I don’t read a lot of Manga. I’ve read a half-dozen of them in my life. I have nothing against the genre, it just doesn’t often grab me. Even when a sort of hybrid Manga is produced, which stars characters I know from other media, the product usually doesn’t reach out and grab me.
According to Wikipedia, by the way, “Manga” simply refers to comics created in Japan; so the word “Manga” then wouldn’t necessarily refer to a body of work whose members all share the same characteristics, any more than American comic books all share the same characteristics. It would seem a bit silly to say that Neil Gaiman’s Sandman and My Little Pony are the same genre. But the Wikipedia article does specify that Manga works do conform to a particular style developed in late 19-th Century Japan, so I guess I’m not insane for thinking of them as a distinct genre.
But even given a genre that usually doesn’t grab me, it’s hard to resist anything which stars one of the favorite fantasy characters of my childhood, one of the few such characters who has survived the ensuing decades unscathed, unstripped of his childish veneer of heroic wonder. It’s hard to resist a silver giant who loves humankind so much that, if necessary, he’ll die to save us from the monsters that plague us. It’s hard to resist glowing, jeweled eyes, a blinking heart light that warns of danger, ray beams that come from crossed hands.
It’s hard to resist Ultraman.
And clearly, creators Eiichi Shimizu and Tomohiro Shimoguchi agree with me. Neither of them was yet born when Ultraman first graced TV screens in Japan, and, later, courtesy of the amazing Peter Fernandez and his friends, in the US in 1967. And yet Ultraman, far more in Japan than in America, is an enduring cultural icon, and captures the imaginations of generation after generation. There have been over two dozen different Ultraman characters created in the last five decades, each tweaked to appeal to new audiences.
For the Manga, the creators have gone back to the original Ultraman character for source material. The first Ultraman was a spaceman from M-78 who accidentally injured a super-scientific police officer named Hayata. He saved Hayata’s life by merging forms with him. When there was danger, which in fictional Tokyo in 1967 always meant one of the giant monsters called Kaiju, Hayata would lift his wondrous Beta Capsule and transform himself into the giant Ultraman.
Ultraman was created by, Eiji Tsuburaya, co-creator of Godzilla, and was so successful that he’s spawned 26 sequel TV series to date and countless films. Each series featured a new protagonist, and each gave the hero different origins and powers. Sooner or later, though, each new Ultraman would be shown to be related to Ultramen of the past, all coming from M-78, all with some kind of blood tie to that first Ultraman.
The Manga makes it a direct blood tie… with a twist. This is the story of yet another new Ultraman, yes; but this Ultraman is the son, not of an extraterrestrial, but of Hayata, the first Ultraman’s human counterpart. Hayata was so changed by his merging with a Giant of Light (one of many terms used for Ultraman’s race) that his son, Shinjiro, is born indestructible, and with powers of flight that resemble the early version of Superman. At least, if he can’t leap over tall buildings in a single bound, he can leap off a building and glide to a smooth landing.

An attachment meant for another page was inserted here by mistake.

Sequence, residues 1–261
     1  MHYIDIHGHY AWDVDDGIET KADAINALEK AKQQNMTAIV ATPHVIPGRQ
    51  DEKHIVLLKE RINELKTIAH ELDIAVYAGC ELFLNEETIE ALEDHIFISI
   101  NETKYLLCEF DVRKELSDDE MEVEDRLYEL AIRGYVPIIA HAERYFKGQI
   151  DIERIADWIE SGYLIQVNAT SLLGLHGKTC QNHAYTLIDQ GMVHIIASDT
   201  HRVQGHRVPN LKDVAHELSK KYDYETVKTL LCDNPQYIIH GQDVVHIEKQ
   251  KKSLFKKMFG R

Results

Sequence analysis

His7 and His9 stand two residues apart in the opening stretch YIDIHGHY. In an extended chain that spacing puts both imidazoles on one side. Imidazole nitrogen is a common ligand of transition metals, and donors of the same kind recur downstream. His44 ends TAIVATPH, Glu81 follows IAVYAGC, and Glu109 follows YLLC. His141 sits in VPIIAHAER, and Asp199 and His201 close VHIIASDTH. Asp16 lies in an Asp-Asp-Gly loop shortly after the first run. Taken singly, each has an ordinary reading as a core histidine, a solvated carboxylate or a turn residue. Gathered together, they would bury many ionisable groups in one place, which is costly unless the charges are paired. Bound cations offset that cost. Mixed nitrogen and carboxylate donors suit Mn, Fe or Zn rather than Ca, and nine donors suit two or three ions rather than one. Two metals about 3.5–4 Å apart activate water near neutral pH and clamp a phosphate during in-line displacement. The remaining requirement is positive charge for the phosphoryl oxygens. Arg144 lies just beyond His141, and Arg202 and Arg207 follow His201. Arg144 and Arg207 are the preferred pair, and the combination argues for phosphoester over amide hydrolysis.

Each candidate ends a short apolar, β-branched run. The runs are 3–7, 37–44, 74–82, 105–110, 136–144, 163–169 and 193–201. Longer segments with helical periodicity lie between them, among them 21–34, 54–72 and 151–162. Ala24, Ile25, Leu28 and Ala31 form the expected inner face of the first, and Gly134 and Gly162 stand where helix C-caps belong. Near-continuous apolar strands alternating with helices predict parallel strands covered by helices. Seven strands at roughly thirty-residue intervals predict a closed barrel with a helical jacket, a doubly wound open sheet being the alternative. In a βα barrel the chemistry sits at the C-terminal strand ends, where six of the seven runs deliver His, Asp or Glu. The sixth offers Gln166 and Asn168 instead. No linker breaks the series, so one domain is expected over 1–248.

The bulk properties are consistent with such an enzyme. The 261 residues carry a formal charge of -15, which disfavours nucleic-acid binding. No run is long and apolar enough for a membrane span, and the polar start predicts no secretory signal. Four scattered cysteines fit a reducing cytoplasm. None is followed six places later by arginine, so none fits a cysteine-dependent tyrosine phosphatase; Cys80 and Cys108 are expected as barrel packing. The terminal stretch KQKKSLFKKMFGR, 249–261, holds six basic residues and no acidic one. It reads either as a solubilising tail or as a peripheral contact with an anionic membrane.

Shinjiro knows nothing of his father’s heritage until his teen years, nor does Hayata actually realize until then that both he and his son of inherited “the Ultraman factor” as a result of Hayata’s decades-gone union with the original Ultraman. Hayata just knows there’s something different about his son.
Now the Ultraman Factor isn’t the same as lifting a Beta Capsule and transforming into a giant of light. It doesn’t give father or son colossal size, nor the tremendous strength required to fight a Kaiju. Over the course of six issues, both must don exo-suits in order to go into battle. Still, albeit at a reduced size, the human side of the original Ultraman is back in business, with his son following desperately in his footsteps after he’s captured by the (literally) big bad.
Point of order for purists – On TV, Hayata went back into action several times during the course of the Ultraman Mebius series and at least two subsequent films, one of several elder statesmen of the Land of Light, working with his baby brother, the (then) newest Ultraman. Still, this is the first time since the 1960s that a work with true United States distribution has brought Hayata back to us. (I don’t know if it counts that Ultraman Mebius is now legally available on Crunchyroll.com.)
Does it feel like the original Ultraman series? No. It feels like Manga–loaded with teen angst and with a male protagonist pretty enough to give Angelina Jolie a run for her money. Shinjiro worries over being too shy to talk to girls, and, Smallville-style, tries to stand up to bullies without getting carried away with this Ultra-strength. (He does break one leg.)
But Ultraman the Manga series does feel like Ultraman, with all the joy and wonder and heroics of the genre. It has a little of the grit and realism that characterize modern comics–but just a dash. Overall, it’s a good start to a new series for Ultraman in a medium that has, thus far, sadly underused him.
Considering the importance of Ultraman to Ernest Cline, you most certainly should read Ready Player One if you have not already read this.
‘Tis on my TO READ list since you mentioned it last year. I’m just SLOW!
Pingback: Ultraman Manga Action Figure - Guest Review on The Figure in Question - Steven H. WilsonSteven H. Wilson
Pingback: Guest Review #0033: Ultraman | The Figure In Question